By Kendra Peek
PERRYVILLE, Ky.— A lack of visible house numbers could lead to problems for emergency medical crews coming to Perryville, according to Fire Chief Anthony Young “If it’s us, it’s Charlie (Parks), it’s the sheriff’s department, it’s people around and who know houses, know the streets, it’s not that big of a deal,” Young said at Thursday’s City Council meeting, adding serious problems could arise when emergency crews from outside the area have to be called to Perryville.
“There’s places in Perryville where the numbering system is not continuous,” he explained, which makes it more confusing for someone who isn’t as familiar with the city. Young cited a recent run in which responders were asked to assist with a medical emergency. They had some difficulty in locating the property. Luckily, he explained, it was not the major crisis.
He explained that there was also an ordinance in place requiring visible numbers three to four inches high. At one time, Young explained, the fire department would put those on for residents, but that this was not something that he wants to return to.
“We’ve got an ordinance in place that states that they have to do it,” Young said. “So we’re going to be working on that.”
The council also heard from Merchants Row renters Paul Webb and Jerry Houck, who informed the council that their lease had been terminated by Main Street Perryville, even though others tenants remain in the Merchants Row properties. The property leased by Houck is owned by the city and leased through the Perryville Battlefield Preservation Association and subsequently the Main Street program.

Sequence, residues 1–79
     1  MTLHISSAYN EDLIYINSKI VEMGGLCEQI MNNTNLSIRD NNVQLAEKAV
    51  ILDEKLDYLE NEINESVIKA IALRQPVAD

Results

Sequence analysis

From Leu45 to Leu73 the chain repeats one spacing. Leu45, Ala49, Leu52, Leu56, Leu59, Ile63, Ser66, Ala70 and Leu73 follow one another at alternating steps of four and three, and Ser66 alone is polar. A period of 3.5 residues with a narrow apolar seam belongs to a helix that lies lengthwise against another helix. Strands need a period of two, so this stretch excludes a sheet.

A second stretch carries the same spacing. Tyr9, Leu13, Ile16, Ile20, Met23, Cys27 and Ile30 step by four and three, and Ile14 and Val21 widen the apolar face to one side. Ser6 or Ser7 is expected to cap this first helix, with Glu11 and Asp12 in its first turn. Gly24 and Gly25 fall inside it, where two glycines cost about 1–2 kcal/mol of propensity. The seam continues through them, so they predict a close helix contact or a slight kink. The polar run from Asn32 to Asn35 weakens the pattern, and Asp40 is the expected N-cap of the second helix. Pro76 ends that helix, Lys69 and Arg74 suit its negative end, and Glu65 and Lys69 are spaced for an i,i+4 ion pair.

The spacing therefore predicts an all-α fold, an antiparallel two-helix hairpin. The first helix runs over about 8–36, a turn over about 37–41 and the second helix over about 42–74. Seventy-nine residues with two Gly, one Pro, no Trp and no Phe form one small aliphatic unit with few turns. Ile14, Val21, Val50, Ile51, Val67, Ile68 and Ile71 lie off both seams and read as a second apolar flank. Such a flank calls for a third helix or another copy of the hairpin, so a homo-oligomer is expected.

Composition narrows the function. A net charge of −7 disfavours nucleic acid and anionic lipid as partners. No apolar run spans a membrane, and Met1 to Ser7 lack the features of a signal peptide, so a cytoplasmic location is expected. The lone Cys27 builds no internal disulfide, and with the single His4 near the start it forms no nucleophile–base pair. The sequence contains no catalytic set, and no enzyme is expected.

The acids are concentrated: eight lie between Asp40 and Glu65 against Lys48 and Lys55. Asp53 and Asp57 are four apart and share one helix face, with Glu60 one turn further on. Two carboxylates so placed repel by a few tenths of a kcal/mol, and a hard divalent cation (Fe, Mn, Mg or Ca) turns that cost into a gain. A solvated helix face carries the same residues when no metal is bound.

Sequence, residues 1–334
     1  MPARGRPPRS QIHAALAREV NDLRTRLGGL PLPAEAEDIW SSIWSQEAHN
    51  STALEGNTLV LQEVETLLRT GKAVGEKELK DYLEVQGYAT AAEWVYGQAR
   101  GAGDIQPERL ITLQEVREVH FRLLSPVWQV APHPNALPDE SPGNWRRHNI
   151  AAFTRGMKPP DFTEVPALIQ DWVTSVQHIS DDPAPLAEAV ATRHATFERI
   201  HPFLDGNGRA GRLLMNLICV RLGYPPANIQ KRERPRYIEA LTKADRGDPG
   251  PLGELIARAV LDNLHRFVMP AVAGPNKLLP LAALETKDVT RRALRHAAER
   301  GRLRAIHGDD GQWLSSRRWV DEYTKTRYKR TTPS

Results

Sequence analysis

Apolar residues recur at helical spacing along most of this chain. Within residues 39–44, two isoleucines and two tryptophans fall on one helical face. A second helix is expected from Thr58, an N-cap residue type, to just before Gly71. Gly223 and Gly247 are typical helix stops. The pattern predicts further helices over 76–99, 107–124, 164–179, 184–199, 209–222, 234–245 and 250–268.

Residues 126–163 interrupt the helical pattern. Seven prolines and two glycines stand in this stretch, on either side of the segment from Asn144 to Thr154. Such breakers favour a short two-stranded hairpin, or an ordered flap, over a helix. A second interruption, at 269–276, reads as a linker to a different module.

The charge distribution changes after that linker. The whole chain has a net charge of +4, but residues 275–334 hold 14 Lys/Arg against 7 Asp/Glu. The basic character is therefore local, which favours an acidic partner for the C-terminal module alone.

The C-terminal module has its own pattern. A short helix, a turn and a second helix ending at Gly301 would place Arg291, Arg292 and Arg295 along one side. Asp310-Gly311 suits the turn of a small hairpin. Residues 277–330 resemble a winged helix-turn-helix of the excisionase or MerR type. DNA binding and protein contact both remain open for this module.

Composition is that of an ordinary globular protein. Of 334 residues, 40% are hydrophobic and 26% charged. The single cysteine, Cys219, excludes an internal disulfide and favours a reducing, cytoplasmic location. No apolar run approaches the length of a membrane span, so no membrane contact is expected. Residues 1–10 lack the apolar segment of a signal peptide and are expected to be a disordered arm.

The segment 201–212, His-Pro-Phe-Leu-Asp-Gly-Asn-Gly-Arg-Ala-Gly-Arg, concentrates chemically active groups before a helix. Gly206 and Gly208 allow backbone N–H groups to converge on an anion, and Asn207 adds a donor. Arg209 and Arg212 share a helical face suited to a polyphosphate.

Webb asked the council if there was anything to be done to stop such actions from taking place while the situation between the PBPA and the city was being worked out. Councilman Billy Matherly told Webb that there was nothing the city could do, with agreement from City Attorney Lynne Coleman.
“If the city imposed some sort of burden on them that interfered with potential contracts that they have in the making, then the city could be sued by Main Street,” Coleman said. “I think there are a lot of unanswered questions.”
Bruce Richardson, PBPA chairperson, urged Houck to visit him, explaining perhaps the preservation association could do something, whereas the city could not, and stressed that the council meeting was not the arena to voice those issues.
In another matter, Councilman Brian Caldwell said he had been contacted by several residents living outside city limits city regarding the possibility of annexing properties into the city. He explained he had advised them to attend the meeting and asked the subject to be placed on the agenda in order to clarify why the city was not seeking to annex properties.
Richardson said it had been attempted before but stalled over agricultural conservation districts. He explained that when property owners heard of the possibility of annexation, several began applying for status as agricultural conservation districts.
“The walls started popping up,” Richardson said.
Caldwell echoed that, explaining that he had explained some aspects of the agricultural districts to the individuals. Both men stated that it could be a “costly” process, but Richardson added it would be fair, considering that in many cases the individuals living in the subdivisions just outside of town are receiving city fire and police protection.
Per the request of Judge-Executive Harold McKinney, the council decided on appointments to the Boyle County Ethics Board. Council voted to reappoint Doug Davis and Preston Miles to their positions on the citizen-run board. Mayor Anne Sleet was instructed to determine if they are willing to serve again.
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